8. I don't think this captures the whole story of people's rank order lists. Specifically, by not including any factor relating to location preference (which we don't know from the Carms data) it makes the numbers you generate relatively meaningless, some home schools are more competitive than others for example, this is a fact borne out by the fact that some schools have virtually no unfilled spots even in less competitive disciplines year after year.
  9. As long as the number of residency positions and graduating medical students stays where they are, a policy like this actually does nothing it purports to do with respect to CaRMS, everything ends up filled anyway because of supply and demand.
  10. One aspect of this proposal also put forward is to consider all surgical disciplines as one instead of for example peds ortho and ortho counting as separate electives.
  11. ~25k of which ~ 15k was in grants, 3-year school though so first two years are assessed as in school for 12 months.
  12. LOR at U of A is pass/fail as are most schools in Canada.
  13. Specific expectations for core/elective students tend to differ. In my experience, not all school's automatically put elective students on call for a rotation you may have to specifically request it by contacting the chief resident etc. (you should IMO if you are interested in a program).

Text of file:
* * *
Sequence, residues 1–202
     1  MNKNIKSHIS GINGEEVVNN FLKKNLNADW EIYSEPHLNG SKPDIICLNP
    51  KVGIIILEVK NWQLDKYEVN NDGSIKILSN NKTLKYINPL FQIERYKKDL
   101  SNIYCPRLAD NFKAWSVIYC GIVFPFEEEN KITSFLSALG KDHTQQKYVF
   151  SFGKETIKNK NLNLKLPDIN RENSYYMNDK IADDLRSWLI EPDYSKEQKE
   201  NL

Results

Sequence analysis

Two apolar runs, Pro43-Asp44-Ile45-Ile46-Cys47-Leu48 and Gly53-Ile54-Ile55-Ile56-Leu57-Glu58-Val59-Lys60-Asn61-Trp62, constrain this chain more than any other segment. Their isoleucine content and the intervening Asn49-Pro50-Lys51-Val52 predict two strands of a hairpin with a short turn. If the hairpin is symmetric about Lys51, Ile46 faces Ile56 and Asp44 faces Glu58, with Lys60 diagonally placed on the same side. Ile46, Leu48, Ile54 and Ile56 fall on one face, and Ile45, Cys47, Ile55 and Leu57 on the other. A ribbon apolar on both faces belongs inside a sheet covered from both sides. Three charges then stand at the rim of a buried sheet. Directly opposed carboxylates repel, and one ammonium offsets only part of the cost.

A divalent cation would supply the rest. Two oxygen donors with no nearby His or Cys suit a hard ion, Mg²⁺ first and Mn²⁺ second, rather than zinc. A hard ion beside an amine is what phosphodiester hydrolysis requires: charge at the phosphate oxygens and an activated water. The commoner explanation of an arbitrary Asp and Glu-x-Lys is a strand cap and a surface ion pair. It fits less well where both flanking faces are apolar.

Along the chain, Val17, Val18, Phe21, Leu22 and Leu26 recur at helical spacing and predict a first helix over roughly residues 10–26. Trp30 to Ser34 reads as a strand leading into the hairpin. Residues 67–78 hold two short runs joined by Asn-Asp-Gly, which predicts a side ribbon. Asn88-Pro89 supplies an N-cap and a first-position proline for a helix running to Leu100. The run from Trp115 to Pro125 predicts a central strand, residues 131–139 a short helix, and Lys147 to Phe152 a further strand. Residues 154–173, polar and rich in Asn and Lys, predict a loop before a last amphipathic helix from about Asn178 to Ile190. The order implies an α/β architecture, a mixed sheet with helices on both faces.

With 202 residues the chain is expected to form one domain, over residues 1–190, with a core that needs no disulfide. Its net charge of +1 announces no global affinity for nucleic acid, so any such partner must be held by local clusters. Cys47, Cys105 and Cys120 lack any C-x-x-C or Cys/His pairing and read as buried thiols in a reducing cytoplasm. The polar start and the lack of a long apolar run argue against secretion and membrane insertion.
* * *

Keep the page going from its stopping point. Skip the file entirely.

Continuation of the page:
14. As previously stated assuming you are going to a Canadian school all you have to do is contact the LOC rep for a bank and they should take care of everything regardless of if you have ever set foot in one of their branches or not.
  15. Emerg generally does not have any overhead though , and if i'm reading the same PDF as you this is fee for service (which many ED docs are not)
  16. Interesting mix. Out of curiosity did you do 4 year or 5 year GIM? And broadly speaking what is the community size?
  17. Pure pass/fail. No formal rankings, although on OSCEs, OSPEs, PPIs, and end of rotation exams you will get information on where you are relative to others.